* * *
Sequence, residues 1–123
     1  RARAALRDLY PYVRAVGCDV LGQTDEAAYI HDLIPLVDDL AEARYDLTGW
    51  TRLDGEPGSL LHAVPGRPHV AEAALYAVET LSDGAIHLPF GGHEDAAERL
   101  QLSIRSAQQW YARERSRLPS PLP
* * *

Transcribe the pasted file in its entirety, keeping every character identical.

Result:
Sequence, residues 1–123
     1  RARAALRDLY PYVRAVGCDV LGQTDEAAYI HDLIPLVDDL AEARYDLTGW
    51  TRLDGEPGSL LHAVPGRPHV AEAALYAVET LSDGAIHLPF GGHEDAAERL
   101  QLSIRSAQQW YARERSRLPS PLP